United States Preventative Service Task Force

  • Screening is recommended for asymptomatic adults with sustained blood pressure >135/80 mm Hg

  • No recommendation for asymptomatic adults with blood pressure ≤135/80 mm Hg

GDM, gestational diabetes mellitus; HDL-C, high density lipoprotein cholesterol; PCOS, polycystic ovarian syndrome


Insulin therapy for diabetes is discussed in Chapter 18.4. Oral medications commonly used to treat type 2 DM are described in Table 8.3. Sulfonylureas are prototypical secretagogues, and the resultant insulin release can result in hypoglycemia. Metformin is one of the most widely used agents and has several benefits over other agents: weight loss, favorable effects on lipids, improvement of insulin resistance, and reduction in all-cause mortality (10). Notably, metformin does not cause significant hypoglycemia and, despite common misconceptions, rarely causes lactic acidosis—even for renal-impaired patients (11). Perioperative metformin recommendations from the UK National Health Service call for its continuation on the day of surgery if the fasting period is brief (i.e., only one meal missed) (12). The exceptions to this
practice are renal impairment (defined as eGFR <60 mL/min/1.73 m2) and the anticipated use of IV iodinated radiographic contrast. Recently, in two important trials, the GLP-1 agonist liraglutide and the SGLT-2 inhibitor empagliflozin have been shown to reduce MACE, cardiovascular death, and all-cause mortality (13,14). These can also be given perioperatively provided the fasting period is brief (i.e., only one meal missed) (12).

Figure 8.1 Rapid screening for diabetic neuropathy.

The decision to give or hold oral medications for diabetes is based on the type of DM, pharmacology of chronic medications, type and duration of surgery, and the risk of hypo- and hyperglycemia. Oral hypoglycemics are generally continued until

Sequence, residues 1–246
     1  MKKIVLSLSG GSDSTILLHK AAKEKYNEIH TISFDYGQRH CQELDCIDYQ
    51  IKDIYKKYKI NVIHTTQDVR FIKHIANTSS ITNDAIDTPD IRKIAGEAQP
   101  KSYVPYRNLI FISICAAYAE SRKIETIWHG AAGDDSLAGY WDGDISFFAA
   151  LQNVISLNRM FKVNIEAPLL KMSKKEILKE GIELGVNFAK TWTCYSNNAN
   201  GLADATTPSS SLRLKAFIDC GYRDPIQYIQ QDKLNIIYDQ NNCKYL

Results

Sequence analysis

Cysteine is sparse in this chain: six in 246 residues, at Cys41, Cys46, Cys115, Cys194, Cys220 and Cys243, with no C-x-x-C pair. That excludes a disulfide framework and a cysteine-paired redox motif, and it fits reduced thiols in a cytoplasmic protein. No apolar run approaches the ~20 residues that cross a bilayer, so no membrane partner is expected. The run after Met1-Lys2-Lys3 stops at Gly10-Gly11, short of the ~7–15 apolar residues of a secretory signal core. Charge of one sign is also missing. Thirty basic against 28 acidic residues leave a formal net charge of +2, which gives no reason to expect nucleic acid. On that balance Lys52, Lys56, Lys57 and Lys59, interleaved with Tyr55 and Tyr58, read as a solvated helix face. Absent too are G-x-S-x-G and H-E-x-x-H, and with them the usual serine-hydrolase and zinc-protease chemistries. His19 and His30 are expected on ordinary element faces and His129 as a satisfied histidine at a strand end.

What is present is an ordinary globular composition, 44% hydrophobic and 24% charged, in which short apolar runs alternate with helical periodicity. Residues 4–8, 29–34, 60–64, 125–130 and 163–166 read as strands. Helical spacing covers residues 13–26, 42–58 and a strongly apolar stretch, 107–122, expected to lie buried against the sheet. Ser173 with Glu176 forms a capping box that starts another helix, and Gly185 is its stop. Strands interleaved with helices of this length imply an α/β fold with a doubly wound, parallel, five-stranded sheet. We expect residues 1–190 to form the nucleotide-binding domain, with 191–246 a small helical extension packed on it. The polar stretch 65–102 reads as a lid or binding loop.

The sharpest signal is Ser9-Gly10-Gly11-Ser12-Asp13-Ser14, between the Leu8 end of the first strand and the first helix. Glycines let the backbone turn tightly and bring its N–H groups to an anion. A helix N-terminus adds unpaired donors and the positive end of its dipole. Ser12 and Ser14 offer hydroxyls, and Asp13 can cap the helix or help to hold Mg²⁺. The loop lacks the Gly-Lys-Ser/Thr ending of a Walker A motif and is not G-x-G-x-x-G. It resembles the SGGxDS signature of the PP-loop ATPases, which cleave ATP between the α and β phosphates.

the commencement of fasting with some specific exceptions (see Table 8.3). For insulin instructions, see Chapter 18.3, noting that patients with type 1 DM require constant exogenous insulin to prevent ketoacidosis.

Diabetes Medications


Mechanism of Action

Major Side Effects

Special Considerations

Perioperative Management



Chlorpropamide (Diabinase®)

Stimulate pancreatic islet cells to release insulin

Prolonged hypoglycemia

Stevens-Johnson syndrome

Rare cause of SIADH

  • Long half-life (36 hours)

  • Use no longer recommended

Stop 3 days before surgery

Tolazamide (Tolinase®)

Tolbutamide (Orinase®)

Stimulate islet cells to release insulin


Hold on day of surgery


Glipizide (Glucotrol®)

Glyburide (Diabeta®, Micronase®)

Glimepiride (Amaryl®)

Stimulate islet cells to release insulin


Hold on day of surgery


Metformin (Glucophage®)

Suppresses hepatic gluconeogenesis

Lactic acidosis, especially with kidney or heart failure

  • May help with weight loss

  • May lower mortality

May be given on day of surgery if brief fasting perioda

Hold on day of surgery if IV contrast is planned, if the eGFR <60 mL/min/1.73 m2, or if anticipating prolonged fasting postoperatively

Check serum creatinine post procedure if IV contrast given


Rosiglitazone (Avandia®)

Pioglitazone (Actos®)

Increase insulin sensitivity

Weight gain

Risk of heart failure


  • May increase fracture risk in women

Hold on day of surgery

Alpha-glucosidase Inhibitors

Acarbose (Precose®)

Miglitol (Glyset®)